Faith quickly flies to God. Its feet frequent the well-known path of prayer. In nearness of trouble it finds nearness to the mercy-seat. Absence of human help is not a loss if it secures the help of heaven. Welcome all earthly destitution, if God supplies the void.
12, 13. “Many bulls have surrounded Me; strong bulls of Bashan have beset Me round. They gaped upon Me with their mouths, as a ravening and a roaring lion.”
We return in spirit to the cross. The dying Jesus looks around; multitudes encircle Him; with open mouth ferociously they assault Him. Throughout the mass there is no sign of pity; all hearts seem dead to common feelings of humanity; they show the properties of the wildest beasts; they are savage as the untamed bull; they thirst for blood as the devouring lion. This is the saddest picture of man’s malignity. What frightful fury raged against Jesus, the perfect model of holiness and love! His only offense was that He walked this earth as God. We see what man is when no grace restrains. If we love Jesus, whom the world thus hated, let us give praise to grace, which causes us to differ.
14, 15. “My life is poured out like water, and all my bones are out of joint. My heart is like wax, melting within me. My strength has dried up like sunbaked clay. My tongue sticks to the roof of my mouth. You have laid me in the dust and left me for dead.”
The suffering Jesus thus described His miserable state. In graphic terms He tells of His extremity of agony and His extremity of weakness. The pain of the cross was bitterest pain; the weight of the body, suspended by the nailed hands and feet, violently strained the whole frame. It was almost dislocation of each bone; every joint was wrenched. But still no bone may suffer fracture. A clear type announced their soundness, and wondrously was the type fulfilled. The picture shows the whole frame dissolving; it retains no firmness, no consistency; it utterly yields and flows away in weakness, as resistless water yields to touch. Strength of spirit, also, collapses. As wax melts, softens, and offers no resistance to subduing heat, so the heart lay prostrate beneath subduing misery. What is so weak and brittle as the clay of the potter baked and dried up by fire? So the fire of God’s wrath brought down to nothingness the Sufferer’s strength. The parched mouth showed that the vital fluids were dried up, and death usurped undisturbed dominion.
In all this anguish Jesus realizes His heavenly Father’s hand. This is Your doing. I sink into the dust of death. But Your hand thus lays Me low. Jesus thus dies, because His people were thus sentenced; and He thus mounts the cross to die their death, that He might bear to the uttermost their curse. He mercifully selects a term to show how exactly He bore their penalty. The sentence said, “Unto dust you shall return.” Jesus calls God to witness, “You have brought Me into the dust of death.”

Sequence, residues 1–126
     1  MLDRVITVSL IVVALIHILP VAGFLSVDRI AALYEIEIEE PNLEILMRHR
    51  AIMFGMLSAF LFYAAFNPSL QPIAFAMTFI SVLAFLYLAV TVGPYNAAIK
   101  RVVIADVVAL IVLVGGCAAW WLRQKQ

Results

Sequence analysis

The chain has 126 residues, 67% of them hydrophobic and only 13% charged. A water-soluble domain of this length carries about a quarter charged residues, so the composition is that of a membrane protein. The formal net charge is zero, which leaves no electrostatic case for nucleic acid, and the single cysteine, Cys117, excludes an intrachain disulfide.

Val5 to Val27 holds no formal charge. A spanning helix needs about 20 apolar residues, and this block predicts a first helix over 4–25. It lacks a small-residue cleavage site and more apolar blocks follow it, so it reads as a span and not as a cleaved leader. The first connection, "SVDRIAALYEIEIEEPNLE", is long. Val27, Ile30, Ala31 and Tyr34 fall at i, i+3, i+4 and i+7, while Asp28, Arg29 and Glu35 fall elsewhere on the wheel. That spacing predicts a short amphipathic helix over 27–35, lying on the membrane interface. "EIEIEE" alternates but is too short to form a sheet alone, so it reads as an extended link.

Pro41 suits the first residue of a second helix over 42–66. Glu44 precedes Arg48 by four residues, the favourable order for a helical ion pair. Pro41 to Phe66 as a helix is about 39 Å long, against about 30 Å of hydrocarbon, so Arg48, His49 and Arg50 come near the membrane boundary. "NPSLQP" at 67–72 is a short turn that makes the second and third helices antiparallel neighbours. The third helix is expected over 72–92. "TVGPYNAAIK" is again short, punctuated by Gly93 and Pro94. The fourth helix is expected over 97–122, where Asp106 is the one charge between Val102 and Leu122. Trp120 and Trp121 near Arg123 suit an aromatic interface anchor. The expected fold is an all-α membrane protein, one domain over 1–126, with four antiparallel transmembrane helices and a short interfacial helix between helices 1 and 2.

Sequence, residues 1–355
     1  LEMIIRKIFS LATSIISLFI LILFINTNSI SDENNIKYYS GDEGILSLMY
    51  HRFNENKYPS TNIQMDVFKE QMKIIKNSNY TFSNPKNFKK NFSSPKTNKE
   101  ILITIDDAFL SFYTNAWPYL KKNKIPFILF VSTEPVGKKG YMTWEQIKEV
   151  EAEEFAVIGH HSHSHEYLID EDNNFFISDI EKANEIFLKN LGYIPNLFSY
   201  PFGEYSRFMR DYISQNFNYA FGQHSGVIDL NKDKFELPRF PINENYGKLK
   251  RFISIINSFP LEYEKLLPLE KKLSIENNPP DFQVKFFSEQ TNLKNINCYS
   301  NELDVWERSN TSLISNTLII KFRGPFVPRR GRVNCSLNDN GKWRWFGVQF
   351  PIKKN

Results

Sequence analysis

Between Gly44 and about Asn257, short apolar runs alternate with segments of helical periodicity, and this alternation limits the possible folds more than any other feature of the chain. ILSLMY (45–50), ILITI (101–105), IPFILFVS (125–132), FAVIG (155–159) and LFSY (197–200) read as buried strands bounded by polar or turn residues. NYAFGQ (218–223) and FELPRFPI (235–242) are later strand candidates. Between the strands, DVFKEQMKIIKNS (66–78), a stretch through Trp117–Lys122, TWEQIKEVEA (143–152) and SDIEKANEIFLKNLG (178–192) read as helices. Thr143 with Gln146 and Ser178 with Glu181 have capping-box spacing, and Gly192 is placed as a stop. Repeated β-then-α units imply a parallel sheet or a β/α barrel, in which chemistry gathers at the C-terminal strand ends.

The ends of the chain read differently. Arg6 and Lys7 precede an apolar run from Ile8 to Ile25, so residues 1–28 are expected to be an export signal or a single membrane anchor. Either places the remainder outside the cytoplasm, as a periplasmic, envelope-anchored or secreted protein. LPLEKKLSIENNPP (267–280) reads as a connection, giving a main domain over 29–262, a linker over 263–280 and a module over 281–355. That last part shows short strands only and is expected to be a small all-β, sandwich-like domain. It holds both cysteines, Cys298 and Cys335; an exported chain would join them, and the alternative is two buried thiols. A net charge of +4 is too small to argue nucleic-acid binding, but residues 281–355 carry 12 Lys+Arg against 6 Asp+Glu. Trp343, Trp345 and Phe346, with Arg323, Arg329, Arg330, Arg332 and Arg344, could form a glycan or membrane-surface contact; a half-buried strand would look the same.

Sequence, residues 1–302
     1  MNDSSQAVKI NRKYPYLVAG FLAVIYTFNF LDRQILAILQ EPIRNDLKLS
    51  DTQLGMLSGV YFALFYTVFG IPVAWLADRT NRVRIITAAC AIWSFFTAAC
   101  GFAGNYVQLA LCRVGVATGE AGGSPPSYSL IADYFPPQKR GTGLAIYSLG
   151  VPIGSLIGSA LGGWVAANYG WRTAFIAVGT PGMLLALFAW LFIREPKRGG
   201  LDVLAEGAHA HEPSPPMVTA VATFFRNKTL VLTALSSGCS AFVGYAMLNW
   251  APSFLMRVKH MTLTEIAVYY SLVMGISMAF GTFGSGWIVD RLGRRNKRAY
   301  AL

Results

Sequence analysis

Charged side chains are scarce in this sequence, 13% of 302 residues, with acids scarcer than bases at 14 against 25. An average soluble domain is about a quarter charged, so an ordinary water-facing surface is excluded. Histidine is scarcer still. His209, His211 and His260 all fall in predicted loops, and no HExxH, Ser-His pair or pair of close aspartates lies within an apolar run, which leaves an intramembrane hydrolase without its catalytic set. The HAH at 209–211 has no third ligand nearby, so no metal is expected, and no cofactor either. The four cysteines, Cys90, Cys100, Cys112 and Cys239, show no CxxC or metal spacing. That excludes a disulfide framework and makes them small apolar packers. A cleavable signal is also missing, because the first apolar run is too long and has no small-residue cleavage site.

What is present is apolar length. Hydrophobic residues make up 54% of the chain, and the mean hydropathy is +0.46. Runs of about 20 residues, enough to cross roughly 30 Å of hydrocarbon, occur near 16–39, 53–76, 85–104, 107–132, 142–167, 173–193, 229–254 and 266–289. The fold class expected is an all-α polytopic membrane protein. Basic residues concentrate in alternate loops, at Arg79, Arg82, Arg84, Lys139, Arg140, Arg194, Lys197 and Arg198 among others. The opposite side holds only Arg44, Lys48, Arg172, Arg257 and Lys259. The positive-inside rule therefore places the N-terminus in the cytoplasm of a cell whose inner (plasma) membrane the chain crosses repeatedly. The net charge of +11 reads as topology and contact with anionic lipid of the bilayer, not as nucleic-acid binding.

16, 17, 18. “My enemies surround me like a pack of dogs; an evil gang closes in on me. They have pierced my hands and feet. I can count every bone in my body. My enemies stare at me and gloat. They divide my clothes among themselves and throw dice for my garments.”
This wonderful passage establishes beyond all controversy that none but Jesus is the subject of this Psalm. To no one else can these terms apply. In Him they receive entire and exact fulfillment. Another prophet writes, “They shall look upon Me whom they have pierced.” The history relates the very fact. No ground is left on which unbelief can place its foot. Let us give thanks, knowing that by these wounds we are saved, by these stripes we are healed. The very garments of our suffering Lord are here foretold; the seamless texture of His upper vest; the mode in which they are distributed; the Roman soldiers utterly without knowledge of this Scripture, devoid of all intention to accomplish, worked them out to the very letter. It is a wondrous word, “These things also the soldiers did.”
19, 20, 21.
“O Lord, do not stay away! You are my strength; come quickly to my aid! Rescue me from a violent death; spare my precious life from these dogs. Snatch me from the lions’ jaws, and from the horns of these wild oxen.”
Here new images appear to show the bloodthirsty rage of the unrelenting murderers. We have seen their fury as bulls and lions; we now see their fierceness as dogs and wild oxen. Fierce fury could not be more fierce. Again, we see that no trials can quench the flame of faith, or check its rapid flight to God. It ever realizes, When I am weak in myself, I have God for my strength. In the lowest depths of misery, it clings to deliverance as a sure anchor. Jesus testifies on the cross, “You have heard Me.” He was not saved from dying; but He was saved from death. He died, for He must endure our death. But death could not detain. He lives again; He was fully heard. Glorious victory! He dies for us, and by His death, He has abolished death.